Stage 2: Standard/criteria selection

22

2.3

Stage 3: Measuring performance

29

2.4

Stage 4: Making improvements

46

2.5

Stage 5: Sustaining improvements

49

2.6

Summary – The five stage approach to clinical audit

52

3 Resources required to support clinical audit

53

3.1

Service provider support

53

3.2

Clinical audit facilitation

57

4 Wider considerations

58

4.1

Ethical issues

58

4.2

Issues of data protection

61

5 References

66

6 Additional resources

69

7 Glossary

71

QPSD-D-029-1

A Practical Guide to Clinical Audit

Page 4 of 86

graphs and charts Appendix seven: The clinical audit report Appendix eight: Twelve tips for successful clinical audit Abbreviations HIPE Hospital In Patient Enquiry (Scheme) HIQA Health Information Quality Authority HSE Health Service Executive MHC Mental Health Commission NCEC National Clinical Effectiveness Committee NHS National Health Service NICE National Institute for Health and Clinical Excellence NOCA National Office of Clinical Audit RCSI Royal College of Surgeons in Ireland SIGN Scottish Intercollegiate Guidelines Network QPSD-D-029-1 A Practical Guide to Clinical Audit Page 5 of 86 .Appendices Appendix one: Clinical audit proposal proforma Appendix two: Clinical audit checklist Appendix three: Types of data Appendix four: Top tips for the successful development of clinical audit data collection tools Appendix five: Glossary of terms in relation to descriptive statistics Appendix six: Presentation of data using table.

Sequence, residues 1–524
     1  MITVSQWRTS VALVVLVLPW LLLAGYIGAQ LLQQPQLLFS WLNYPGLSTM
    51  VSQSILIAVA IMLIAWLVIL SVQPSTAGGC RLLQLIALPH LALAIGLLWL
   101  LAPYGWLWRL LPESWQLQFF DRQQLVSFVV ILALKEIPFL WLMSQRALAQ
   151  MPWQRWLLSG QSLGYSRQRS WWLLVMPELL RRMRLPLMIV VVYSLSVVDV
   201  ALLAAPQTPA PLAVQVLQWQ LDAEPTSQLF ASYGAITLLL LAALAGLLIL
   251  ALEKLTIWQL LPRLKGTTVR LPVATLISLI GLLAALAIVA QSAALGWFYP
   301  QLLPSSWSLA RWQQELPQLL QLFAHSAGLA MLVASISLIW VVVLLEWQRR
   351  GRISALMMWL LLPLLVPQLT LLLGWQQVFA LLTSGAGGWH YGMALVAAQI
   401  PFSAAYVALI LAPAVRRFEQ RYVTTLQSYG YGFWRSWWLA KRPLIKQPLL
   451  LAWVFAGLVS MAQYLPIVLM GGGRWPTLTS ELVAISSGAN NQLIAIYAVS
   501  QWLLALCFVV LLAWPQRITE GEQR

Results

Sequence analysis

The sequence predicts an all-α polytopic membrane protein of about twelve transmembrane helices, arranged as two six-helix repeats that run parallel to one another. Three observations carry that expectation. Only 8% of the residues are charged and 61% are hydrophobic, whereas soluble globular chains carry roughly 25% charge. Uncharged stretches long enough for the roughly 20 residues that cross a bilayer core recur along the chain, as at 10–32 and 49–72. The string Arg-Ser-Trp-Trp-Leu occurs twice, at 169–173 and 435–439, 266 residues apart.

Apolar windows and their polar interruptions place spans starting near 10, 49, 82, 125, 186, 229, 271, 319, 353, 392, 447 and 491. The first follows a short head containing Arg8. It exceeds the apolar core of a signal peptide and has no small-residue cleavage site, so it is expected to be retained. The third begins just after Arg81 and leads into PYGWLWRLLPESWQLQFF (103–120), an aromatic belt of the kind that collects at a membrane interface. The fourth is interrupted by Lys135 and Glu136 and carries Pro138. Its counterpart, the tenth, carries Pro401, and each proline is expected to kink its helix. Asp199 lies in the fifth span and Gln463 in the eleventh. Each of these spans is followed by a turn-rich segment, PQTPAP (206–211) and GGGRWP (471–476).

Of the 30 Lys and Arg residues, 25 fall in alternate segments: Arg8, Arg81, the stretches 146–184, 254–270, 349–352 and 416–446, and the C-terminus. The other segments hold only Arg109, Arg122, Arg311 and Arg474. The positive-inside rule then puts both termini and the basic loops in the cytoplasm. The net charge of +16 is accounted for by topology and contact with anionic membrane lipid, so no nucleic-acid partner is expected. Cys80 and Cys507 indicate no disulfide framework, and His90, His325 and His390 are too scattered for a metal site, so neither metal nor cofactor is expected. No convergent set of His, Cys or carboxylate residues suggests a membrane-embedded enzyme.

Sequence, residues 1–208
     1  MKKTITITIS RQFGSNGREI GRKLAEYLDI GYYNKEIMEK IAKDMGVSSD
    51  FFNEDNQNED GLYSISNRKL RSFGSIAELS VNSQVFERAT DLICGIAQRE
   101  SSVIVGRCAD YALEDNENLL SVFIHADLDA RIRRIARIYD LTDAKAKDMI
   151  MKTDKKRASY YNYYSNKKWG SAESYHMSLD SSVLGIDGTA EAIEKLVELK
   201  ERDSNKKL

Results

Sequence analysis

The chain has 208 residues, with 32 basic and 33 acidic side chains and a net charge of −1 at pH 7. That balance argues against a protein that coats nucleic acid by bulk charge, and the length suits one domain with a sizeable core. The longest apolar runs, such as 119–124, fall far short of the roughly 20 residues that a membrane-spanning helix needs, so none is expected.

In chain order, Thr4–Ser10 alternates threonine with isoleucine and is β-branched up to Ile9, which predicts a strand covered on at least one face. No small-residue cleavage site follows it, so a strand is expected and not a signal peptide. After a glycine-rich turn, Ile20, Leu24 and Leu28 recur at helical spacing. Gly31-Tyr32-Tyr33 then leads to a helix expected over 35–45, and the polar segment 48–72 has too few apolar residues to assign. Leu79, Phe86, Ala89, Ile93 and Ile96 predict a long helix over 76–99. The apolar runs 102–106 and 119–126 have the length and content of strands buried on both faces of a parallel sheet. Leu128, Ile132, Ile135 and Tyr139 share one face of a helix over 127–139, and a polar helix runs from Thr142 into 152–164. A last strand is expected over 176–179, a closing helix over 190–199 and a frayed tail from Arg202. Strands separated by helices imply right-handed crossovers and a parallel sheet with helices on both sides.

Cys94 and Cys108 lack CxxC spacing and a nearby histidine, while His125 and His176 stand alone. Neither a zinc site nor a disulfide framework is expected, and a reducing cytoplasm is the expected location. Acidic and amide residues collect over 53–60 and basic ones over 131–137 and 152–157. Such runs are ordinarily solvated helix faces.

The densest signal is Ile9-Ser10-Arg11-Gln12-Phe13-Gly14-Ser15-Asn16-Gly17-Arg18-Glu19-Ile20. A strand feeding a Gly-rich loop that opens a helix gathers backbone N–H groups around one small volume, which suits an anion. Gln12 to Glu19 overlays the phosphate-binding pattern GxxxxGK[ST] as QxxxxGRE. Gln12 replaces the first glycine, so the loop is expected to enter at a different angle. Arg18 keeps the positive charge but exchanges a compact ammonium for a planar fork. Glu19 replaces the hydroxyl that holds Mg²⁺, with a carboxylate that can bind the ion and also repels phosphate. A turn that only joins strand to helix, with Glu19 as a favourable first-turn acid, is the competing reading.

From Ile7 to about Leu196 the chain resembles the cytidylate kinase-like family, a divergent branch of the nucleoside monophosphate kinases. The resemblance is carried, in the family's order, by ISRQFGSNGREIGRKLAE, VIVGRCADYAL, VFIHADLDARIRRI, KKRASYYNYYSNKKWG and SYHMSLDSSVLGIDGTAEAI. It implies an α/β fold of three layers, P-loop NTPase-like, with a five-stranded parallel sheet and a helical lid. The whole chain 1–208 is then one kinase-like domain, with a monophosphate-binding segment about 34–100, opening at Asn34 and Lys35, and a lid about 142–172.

The NCEC terms of reference are to:  Apply criteria for the prioritisation of clinical guidelines and audit for the Irish health system.  Facilitate with other agencies the dissemination of endorsed clinical guidelines and audit outcomes to front-line staff and to the public in an appropriate format. The purpose of this framework is to provide formal structures and processes to support clinical effectiveness. the Patient Safety First initiative was launched in response to recommendations of the Report of the Commission on Patient Safety and Quality Assurance – Building a Culture of Patient Safety (Department of Health and Children.1.1 Background On 23rd September 2010. Introduction 1.  Recommend clinical guidelines and national audit. which have been quality assured against these criteria.  Disseminate a template on how a clinical guideline and audit should be structured. how audit will be linked to the clinical guideline and how and with what methodology it should be pursued. Clinical effectiveness involves a number of processes. but primary among these are: (i) the development or adaptation and use of clinical guidelines to support evidence-based practice. The NCEC is a partnership between key stakeholders in service user safety. Introduction 1.  Apply criteria for quality assurance of clinical guidelines and audit for the Irish health system. The NCEC mission is to provide a framework for national endorsement of clinical guidelines and audit to optimise service user care. for Ministerial endorsement within the Irish health system. QPSD-D-029-1 A Practical Guide to Clinical Audit Page 6 of 86 . A key component of the Patient Safety First initiative is the National Framework for Clinical Effectiveness. National Clinical Effectiveness Committee (NCEC) The oversight of the National Framework for Clinical Effectiveness is provided by the National Clinical Effectiveness Committee (NCEC). and (ii) the use of clinical audit to improve service user care and outcomes.  Report periodically on the implementation of endorsed clinical guidelines. 2008).